Four Poems

by Gale Acuff


One day I’ll be dead and then I’ll know it
all, why I lived and the meaning of life
that is, all the things I can’t know now be
-cause I’m still alive, How’s that for funny

I asked Miss Hooker, she’s my Sunday School
teacher, after class this morning. You’re right,
Gale, she replied, God will explain all things
to you when you see Him in Heaven to

be judged for how you lived on earth and I
hope that you’re saved by then so that you won’t
spend Eternity in Hell, forget that
Jesus died so that you wouldn’t have to

because if you don’t believe that Jesus
is the Son of God you’ll doom yourself to
endless Perdition. I said, Yes ma’am, but
wherever I might go, Heaven or Hell,

will I still get to know why everything
is the way it is and why I’ve been go
-ing through it and for that matter why I
was born? Miss Hooker said, Let’s take it to

the Lord in prayer, so on the plywood
floor of our portable building we kneeled
knelt I mean (I wonder if God knows that)
and went through the Lord’s Prayer for the third

time that morning and then Miss Hooker steered
us towards asking God Almighty to
help stop me from wasting His time with fool
-ish questions but to strike me down dead though

not really dead but dead enough–stunned?–to
wake up again but this time see the light.
Amen, we said together, and then rose
but only to our natural height and

since I didn’t know what to say I kissed
Miss Hooker but the way a husband would,
on the cheek but with a little pressure
but she’s 25 to my 10 and then

I turned away and went out the door with
-out saying anything nor looking back
to see her face or the impression made
by my lips on her skin. This must be death.


Someday I’ll never go to Sunday School
because by then Ill be dead and I hope
in Heaven and if not there then in Hell
but at least Ill be somewhere, I mean my
immortal soul, as Miss Hooker calls it,
she means that it will live forever and
long after my body’s rotted away
and I’m only ten years old and could live
to be 100, somebody’s got to,
she says, Why not you, Gale, but still that will
be nothing to living eternally.
Miss Hooker’s 25 and single and
if she can wait until I’m a man then
we’ll have babies but we’ll get marred first,
if she’ll have me, and every night I pray
that God will out her aside for only
me and if He’ll do that then when it’s time
for me to die and I know about it
I won’t cry, I swear. But of course some folks
die without knowing that they will, God takes
them in some way and for some reason and

they find themselves lining up in Heaven
waiting to meet God, Who will judge them. I
ask Miss Hooker sometimes why Jesus died
if not to guarantee I get to go
dwell with Him up yonder, Heaven I mean,
why after His Crucifixion I still
might go to Hell. If you sin and know it,
she says, His sacrifice is null, and if
you don’t believe that He’s the Son of God,
and there are many ways to disrespect
Him, then you must go to Hell and burn and
burn forever. Miss Hooker always smiles
when she sets the record straight, which is nice
of her but in her place I’m not so sure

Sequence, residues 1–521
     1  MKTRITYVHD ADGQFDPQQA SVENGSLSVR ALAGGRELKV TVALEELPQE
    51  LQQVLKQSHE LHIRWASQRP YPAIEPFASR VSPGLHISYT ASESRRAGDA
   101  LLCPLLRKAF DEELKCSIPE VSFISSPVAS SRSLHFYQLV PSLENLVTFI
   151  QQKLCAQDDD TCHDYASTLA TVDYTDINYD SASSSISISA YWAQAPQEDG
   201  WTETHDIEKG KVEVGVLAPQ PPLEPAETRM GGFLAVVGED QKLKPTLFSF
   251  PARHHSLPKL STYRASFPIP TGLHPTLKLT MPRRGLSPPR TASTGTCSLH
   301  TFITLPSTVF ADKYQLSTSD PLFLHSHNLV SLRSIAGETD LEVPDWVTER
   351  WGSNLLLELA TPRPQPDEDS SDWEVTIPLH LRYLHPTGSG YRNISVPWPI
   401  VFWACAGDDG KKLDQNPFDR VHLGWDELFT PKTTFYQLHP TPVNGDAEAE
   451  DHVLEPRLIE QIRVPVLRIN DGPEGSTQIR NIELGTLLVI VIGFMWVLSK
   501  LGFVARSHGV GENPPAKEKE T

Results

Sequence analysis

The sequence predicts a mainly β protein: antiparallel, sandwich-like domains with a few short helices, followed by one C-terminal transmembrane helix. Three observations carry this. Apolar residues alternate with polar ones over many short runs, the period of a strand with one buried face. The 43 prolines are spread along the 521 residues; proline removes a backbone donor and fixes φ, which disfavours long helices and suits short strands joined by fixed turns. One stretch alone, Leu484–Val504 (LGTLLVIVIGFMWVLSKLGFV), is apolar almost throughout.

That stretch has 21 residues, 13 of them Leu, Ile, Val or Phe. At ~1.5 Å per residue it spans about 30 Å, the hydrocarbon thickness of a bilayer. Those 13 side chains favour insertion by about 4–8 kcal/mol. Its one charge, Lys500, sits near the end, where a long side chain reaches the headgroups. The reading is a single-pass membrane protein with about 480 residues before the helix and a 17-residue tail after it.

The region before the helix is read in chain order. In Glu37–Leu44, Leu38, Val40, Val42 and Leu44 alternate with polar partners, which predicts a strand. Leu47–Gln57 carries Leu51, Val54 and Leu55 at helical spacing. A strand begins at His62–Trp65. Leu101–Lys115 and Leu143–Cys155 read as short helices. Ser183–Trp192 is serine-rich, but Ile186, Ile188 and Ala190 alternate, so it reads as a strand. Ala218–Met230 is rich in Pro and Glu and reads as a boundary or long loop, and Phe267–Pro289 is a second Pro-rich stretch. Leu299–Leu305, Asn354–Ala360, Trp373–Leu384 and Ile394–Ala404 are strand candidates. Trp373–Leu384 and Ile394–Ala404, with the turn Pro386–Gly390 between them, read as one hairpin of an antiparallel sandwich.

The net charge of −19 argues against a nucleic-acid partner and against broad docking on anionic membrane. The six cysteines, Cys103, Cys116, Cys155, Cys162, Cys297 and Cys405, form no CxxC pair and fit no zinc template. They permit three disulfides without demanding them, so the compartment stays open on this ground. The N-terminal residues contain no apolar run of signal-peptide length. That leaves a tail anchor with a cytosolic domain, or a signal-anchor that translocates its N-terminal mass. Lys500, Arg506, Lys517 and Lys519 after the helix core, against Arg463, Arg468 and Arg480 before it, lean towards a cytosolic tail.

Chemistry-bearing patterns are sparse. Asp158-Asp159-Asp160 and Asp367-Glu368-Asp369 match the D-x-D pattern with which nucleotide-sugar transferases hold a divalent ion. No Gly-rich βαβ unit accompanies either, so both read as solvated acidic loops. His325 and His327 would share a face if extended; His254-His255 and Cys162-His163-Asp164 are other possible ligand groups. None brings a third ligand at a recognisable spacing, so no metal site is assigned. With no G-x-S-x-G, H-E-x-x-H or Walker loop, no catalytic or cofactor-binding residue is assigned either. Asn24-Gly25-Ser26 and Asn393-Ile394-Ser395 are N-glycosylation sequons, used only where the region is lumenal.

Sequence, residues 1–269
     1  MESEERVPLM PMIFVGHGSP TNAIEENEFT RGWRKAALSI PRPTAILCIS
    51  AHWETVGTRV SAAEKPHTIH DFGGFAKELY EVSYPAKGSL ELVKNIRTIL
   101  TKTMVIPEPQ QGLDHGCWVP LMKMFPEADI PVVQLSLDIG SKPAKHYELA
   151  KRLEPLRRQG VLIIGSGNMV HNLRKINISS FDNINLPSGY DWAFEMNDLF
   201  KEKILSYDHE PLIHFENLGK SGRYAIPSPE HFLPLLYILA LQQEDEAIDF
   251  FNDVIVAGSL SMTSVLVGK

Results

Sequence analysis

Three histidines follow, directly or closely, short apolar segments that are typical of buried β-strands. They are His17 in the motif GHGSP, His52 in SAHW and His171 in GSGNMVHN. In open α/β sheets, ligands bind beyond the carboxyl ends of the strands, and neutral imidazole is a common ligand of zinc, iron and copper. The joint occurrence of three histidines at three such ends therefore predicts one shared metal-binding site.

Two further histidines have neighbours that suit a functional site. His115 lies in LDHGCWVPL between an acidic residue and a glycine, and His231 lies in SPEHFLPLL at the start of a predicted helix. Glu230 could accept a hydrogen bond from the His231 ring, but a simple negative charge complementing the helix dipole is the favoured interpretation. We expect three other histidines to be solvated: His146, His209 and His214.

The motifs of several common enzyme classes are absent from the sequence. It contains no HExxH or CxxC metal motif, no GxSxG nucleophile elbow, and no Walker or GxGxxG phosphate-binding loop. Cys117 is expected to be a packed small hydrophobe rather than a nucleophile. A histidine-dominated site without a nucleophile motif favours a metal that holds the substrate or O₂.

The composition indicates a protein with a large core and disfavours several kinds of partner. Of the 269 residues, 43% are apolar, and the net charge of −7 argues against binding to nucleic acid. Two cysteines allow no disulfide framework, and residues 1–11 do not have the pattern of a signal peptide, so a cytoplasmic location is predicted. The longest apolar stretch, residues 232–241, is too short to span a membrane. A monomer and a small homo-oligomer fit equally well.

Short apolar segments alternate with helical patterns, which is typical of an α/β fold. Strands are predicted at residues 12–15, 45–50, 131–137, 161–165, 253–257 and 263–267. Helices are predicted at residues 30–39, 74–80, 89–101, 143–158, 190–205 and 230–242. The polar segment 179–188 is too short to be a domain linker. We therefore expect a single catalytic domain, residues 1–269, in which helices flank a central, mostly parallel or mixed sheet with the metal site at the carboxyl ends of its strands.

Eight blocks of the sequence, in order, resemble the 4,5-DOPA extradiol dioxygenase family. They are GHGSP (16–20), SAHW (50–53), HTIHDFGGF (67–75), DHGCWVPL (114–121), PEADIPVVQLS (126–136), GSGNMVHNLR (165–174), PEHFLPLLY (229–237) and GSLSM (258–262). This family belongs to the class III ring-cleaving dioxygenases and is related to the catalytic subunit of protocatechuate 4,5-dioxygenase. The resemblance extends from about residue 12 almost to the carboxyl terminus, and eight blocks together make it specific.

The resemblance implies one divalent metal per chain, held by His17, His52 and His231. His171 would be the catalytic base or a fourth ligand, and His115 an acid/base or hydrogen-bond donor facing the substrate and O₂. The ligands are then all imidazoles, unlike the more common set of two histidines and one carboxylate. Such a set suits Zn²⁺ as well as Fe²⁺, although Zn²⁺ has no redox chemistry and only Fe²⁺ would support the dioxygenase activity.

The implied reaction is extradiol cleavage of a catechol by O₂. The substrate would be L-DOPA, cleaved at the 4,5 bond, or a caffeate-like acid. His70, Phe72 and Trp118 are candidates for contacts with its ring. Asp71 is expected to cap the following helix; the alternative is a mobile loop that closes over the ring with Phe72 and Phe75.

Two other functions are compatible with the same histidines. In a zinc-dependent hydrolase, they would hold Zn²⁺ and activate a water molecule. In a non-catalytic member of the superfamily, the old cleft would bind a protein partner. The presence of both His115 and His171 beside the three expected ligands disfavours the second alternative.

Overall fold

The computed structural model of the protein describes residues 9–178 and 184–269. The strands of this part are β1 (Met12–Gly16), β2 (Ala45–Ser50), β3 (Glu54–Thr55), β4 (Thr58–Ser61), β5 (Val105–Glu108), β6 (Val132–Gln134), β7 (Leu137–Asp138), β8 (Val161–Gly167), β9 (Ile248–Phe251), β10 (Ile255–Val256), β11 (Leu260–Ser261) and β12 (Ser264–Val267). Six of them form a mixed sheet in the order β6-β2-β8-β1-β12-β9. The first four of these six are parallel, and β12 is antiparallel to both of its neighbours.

I could. And sometimes I want to kiss her
and usually on the lips. Amen.


At Sunday School I learn I have to die
one day, which was news to me, I wanted
to live forever though not at ten years
old but until I ran out of numbers
or at least almost. After Sunday School
I asked our teacher how she knows so much
about life and she replied, Well, Gale, I
am 25, which is pretty damned old
or old enough to know something by then,
even the Son of God didn’t live for
-ever, I guess, though His was sacrifice

and I’d have to have some fun for many
years before I could do what He did, and
Miss Hooker tells me that Jesus died so
I wouldn’t have to, my soul anyway,
and I told her that I want my body
in on Eternity, too, and she said
that if I dwell in Heaven when I’m dead
I’ll have a new one. And if I go to
Hell? I asked. You’ll be tortured to the bone
she said, whether you have a new one or
no. I said, I see. But I don’t. But I do.



I don’t love God anymore because He
won’t make Miss Hooker younger so I can
marry her, she’s my Sunday School teacher
and 25 to my 10 and I want
a miracle to even our ages
up so every night I pray in the name
of Jesus (when I don’t slip up and pray
in the name of Miss Hooker) to have her
and me rise the very next day the same
score, 18 would be good, halfway between
Miss Hooker’s years and mine but so far no
dice. So my plan is not to love God and
maybe break His heart enough to let me
have what I desire, how can I hurt Him
or even Miss Hooker or me? But then

God knows everything, He can read my mind,
He’s always at least a step ahead, He
knows what I’m up to but I don’t know what
else to do. Maybe He’s getting on in
years Himself and will forget but of course
Miss Hooker has to go and say that He’s
the same forever and for that matter
so’s Jesus. So after class today I
just told Miss Hooker that I adore her
and that someday she’ll be my wife though now
I don’t even shave, of course. Thank you, Gale,
she said–she smiled beatifically,
I stole that word from Preacher John’s sermon,
but I would’ve been happier if she’d
grinned instead. There’s a whale of a difference.

Gale Acuff  has had poetry published in AscentOhio JournalDescant, PoemAdirondack ReviewCoe ReviewWorcester ReviewMary land Poetry Review, Arkansas ReviewFlorida ReviewSouth Carolina ReviewCarolina QuarterlySouth Dakota ReviewSequential Art Narrative in Education, and many other journals. I have authored three books of poetry: Buffalo Nickel (BrickHouse Press, 2004), The Weight of the World (BrickHouse, 2006), and The Story of My Lives (BrickHouse, 2008).

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